Each of us were given two new primary source documents to analyze, one being a chart and the other a map. As a whole class we worked on summarizing what the primary source document told us about the Salem Witch Trials.  We had to describe the piece of evidence, explain what it was and we had to be able to answer, "According to this document, what was happening economically in Salem in 1692?" In this class over the last week or so students have been analyzing other primary source documents such as court transcripts that would give one perspective on the Salem Witch Trials. These two new documents would provide another lens to look through in understanding why the Salem Witch Trials occurred. Since I have visited this class several times in the last few weeks, I was familiar with the process of highlighting and annotating the sources. It was so nice to see that the expectations were routine for these students. As soon as they had been handed their primary source documents they immediately took out their highlighters and began to highlight. That most definitely brought a smile to my face. There was not enough time in the period to complete the analysis of the documents and Mr. Lau stated that we would continue on Monday. Students packed up and when the bell rang each student waited for Mr. Lau to directly dismiss them to lunch.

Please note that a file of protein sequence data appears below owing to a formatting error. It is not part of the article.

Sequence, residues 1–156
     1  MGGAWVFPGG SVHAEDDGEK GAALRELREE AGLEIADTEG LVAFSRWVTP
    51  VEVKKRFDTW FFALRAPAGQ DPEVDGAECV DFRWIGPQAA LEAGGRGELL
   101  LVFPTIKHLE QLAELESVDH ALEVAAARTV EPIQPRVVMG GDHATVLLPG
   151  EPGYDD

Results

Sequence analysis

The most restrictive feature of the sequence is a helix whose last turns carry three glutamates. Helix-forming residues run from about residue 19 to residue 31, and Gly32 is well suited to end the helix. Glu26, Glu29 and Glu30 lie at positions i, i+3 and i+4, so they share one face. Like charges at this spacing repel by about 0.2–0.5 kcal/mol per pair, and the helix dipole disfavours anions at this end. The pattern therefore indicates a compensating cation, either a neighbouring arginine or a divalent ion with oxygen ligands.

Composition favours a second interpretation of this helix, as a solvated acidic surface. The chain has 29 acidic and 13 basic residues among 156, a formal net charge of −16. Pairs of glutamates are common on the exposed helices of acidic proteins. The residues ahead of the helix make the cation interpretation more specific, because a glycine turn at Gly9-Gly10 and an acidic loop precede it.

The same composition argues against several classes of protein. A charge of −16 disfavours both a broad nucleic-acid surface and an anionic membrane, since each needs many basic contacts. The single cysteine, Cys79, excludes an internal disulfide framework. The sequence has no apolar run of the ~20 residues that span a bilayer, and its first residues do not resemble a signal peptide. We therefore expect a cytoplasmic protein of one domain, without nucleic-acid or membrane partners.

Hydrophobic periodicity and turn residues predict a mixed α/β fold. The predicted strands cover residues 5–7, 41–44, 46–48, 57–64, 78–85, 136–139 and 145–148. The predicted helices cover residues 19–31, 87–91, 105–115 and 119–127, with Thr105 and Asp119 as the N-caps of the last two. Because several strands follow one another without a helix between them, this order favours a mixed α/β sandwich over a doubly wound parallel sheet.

My experience on Friday shadowing a student was a positive one. It is interesting, because we have been experiencing  some very negative behavior issues out at lunch and in some classes over the last few weeks.  However, while in these two classes on Friday, you would never know that we have been experiencing discipline issues. As a student in the classroom, you see what is presented in front of you and you experience what the environment is providing to you.